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Trade deadline spotlight: position player roundup


The struggling Giants could be looking to offload Hunter Pence and his $13.8 million contract. (AP)

The struggling Giants could be looking to offload Hunter Pence and his $13.8 million contract. (AP)

The non-waiver trade deadline is now less than 48 hours away, and after examining the latest developments in the market for pitching, what's striking about running through a similar exercise for the top position players is how few appear poised to move due to a combination of exorbitant asking prices and unrealistic expectations of teams who appear inclined to hold onto such players.

Even so, there are almost certainly more deals to come over the next two days. What follows is a quick rundown on a baker's dozen position players who have been among the most discussed as trade targets in recent days. If there's activity to be had, it will be centered around the players on this list, who are ordered alphabetically.

Jason Bay, Mariners LF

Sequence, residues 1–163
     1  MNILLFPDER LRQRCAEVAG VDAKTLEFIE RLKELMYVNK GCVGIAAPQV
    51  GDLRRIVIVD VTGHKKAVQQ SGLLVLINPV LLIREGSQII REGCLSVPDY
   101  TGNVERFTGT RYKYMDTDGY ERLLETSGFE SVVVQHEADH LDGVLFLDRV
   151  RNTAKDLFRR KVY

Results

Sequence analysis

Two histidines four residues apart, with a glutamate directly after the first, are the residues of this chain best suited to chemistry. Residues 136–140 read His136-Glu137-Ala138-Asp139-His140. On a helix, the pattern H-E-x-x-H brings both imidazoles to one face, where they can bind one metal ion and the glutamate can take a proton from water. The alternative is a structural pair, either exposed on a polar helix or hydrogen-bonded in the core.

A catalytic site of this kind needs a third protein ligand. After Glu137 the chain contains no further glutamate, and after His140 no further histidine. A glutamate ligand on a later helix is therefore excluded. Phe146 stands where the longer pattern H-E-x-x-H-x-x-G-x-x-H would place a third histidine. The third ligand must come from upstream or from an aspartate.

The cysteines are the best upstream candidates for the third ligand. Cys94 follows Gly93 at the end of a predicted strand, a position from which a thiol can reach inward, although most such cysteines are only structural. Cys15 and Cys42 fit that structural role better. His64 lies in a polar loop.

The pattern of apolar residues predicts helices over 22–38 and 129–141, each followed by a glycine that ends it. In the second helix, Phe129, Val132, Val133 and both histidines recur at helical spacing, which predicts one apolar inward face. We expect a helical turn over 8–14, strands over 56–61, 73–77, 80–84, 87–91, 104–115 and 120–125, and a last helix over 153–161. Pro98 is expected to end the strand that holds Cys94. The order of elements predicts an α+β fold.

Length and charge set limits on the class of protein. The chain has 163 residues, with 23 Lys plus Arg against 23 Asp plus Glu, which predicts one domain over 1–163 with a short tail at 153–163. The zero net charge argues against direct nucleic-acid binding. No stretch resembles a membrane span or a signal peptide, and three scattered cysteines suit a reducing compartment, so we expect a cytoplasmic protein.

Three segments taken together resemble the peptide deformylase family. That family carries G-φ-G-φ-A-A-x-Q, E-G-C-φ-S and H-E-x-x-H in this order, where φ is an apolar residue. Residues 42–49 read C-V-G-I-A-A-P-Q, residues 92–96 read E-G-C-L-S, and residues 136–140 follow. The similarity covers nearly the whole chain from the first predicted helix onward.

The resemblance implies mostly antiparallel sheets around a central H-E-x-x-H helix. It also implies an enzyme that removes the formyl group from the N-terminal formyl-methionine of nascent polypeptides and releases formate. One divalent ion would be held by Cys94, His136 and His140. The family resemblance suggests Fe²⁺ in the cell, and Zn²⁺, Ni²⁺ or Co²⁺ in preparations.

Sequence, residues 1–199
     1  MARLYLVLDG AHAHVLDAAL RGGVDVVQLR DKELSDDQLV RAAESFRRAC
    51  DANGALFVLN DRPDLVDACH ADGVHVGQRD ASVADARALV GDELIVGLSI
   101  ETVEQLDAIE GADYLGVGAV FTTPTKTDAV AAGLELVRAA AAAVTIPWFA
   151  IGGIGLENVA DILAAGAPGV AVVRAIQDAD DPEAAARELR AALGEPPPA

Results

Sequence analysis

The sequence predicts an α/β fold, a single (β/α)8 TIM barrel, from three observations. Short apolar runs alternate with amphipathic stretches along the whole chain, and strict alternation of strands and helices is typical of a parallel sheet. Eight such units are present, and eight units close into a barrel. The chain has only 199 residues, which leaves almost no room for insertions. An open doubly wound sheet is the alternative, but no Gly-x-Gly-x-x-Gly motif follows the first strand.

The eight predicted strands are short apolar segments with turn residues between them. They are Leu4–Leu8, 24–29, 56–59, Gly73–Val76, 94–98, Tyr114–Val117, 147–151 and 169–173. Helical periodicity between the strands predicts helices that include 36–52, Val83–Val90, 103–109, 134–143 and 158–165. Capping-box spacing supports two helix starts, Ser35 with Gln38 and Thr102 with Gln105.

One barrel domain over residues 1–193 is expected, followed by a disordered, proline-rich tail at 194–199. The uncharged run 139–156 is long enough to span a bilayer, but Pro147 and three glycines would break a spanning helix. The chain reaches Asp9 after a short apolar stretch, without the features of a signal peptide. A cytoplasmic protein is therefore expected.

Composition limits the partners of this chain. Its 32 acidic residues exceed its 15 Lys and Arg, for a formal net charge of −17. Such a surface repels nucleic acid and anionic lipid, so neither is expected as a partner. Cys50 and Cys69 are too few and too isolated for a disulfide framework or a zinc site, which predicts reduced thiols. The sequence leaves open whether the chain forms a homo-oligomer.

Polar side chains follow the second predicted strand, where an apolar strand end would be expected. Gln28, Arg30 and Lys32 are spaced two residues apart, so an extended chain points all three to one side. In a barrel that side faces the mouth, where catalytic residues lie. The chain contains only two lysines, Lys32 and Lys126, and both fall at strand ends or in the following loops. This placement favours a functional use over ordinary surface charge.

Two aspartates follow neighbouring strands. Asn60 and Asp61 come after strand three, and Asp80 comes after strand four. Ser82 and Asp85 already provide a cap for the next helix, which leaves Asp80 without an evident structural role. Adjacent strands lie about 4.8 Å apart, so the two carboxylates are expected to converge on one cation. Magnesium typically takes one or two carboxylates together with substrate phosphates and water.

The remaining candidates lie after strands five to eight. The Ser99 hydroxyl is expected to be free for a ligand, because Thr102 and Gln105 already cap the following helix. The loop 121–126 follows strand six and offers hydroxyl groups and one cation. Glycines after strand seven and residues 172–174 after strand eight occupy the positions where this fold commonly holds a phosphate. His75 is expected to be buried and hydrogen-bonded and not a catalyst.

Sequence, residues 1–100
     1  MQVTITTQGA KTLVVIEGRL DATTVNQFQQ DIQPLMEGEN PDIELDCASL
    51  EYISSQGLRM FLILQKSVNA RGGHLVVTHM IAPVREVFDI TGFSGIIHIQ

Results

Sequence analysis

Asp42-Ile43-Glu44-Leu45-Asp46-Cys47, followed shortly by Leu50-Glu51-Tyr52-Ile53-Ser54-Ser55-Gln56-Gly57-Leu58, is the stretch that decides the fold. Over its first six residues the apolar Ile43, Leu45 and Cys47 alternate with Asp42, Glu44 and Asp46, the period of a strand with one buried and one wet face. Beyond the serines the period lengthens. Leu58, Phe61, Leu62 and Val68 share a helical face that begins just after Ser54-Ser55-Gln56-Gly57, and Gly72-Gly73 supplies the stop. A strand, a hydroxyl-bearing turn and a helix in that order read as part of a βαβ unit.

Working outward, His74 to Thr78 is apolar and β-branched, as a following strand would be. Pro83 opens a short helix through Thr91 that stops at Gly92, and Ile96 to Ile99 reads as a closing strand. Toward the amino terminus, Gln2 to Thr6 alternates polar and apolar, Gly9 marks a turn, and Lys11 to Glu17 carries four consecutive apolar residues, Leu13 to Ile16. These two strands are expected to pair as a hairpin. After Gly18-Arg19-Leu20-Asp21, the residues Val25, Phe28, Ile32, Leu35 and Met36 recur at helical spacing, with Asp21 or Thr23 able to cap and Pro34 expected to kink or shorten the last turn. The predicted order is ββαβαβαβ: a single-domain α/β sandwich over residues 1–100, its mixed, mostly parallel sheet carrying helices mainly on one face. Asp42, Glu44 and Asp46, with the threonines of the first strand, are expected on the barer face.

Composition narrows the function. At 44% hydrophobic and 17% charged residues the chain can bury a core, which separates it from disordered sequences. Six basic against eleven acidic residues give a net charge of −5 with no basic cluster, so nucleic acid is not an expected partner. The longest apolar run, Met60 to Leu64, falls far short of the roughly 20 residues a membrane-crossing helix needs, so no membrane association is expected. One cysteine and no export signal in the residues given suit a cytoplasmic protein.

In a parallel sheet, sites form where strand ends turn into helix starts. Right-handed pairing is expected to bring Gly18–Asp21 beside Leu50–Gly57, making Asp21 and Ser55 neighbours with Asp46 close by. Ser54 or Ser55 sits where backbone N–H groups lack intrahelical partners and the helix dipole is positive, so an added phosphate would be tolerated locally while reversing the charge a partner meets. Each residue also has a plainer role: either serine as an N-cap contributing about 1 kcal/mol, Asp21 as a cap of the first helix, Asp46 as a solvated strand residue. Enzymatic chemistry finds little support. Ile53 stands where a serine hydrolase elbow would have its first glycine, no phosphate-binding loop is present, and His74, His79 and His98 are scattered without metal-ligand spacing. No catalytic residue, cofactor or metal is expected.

The Mariners have shown reluctance to move pending free agents such as Raul Ibañez, Kendrys Morales and Michael Morse, but with the activation of the latter from the disabled list on Monday, they designated Bay for assignment. The 34-year-old righty hasn't been the same since signing with the Mets and battling concussion and rib injuries, and he's only hitting .204/.298/.393 with 11 homers, but he's making just $1 million. For a desperate team, he's the equivalent of that worn out sofa sitting by the curb — haul him away and he's yours.

Marlon Byrd, Mets RF

A year after being suspended for PED use, Byrd is hitting .281/.326/.513 with 17 homers and making just $700,000. The Rangers, for whom he played from 2007-2009, have expressed the most interest, with other teams monitoring him as well, but the Mets are reportedly highly unlikely to move him unless they get an offer that general manager Sandy Alderson can't refuse. The GM told the Newark Star-Ledger's Jorge Castillo:

"A guy like Marlon, he’s not costing us a lot of money, there’s the question then of what kind of talent we might be able to get back… It’s still very important for us to try to be competitive because, regardless of what happens, this has been about changing perception and about what people can anticipate going into the future."

Raul Ibañez, Mariners LF/DH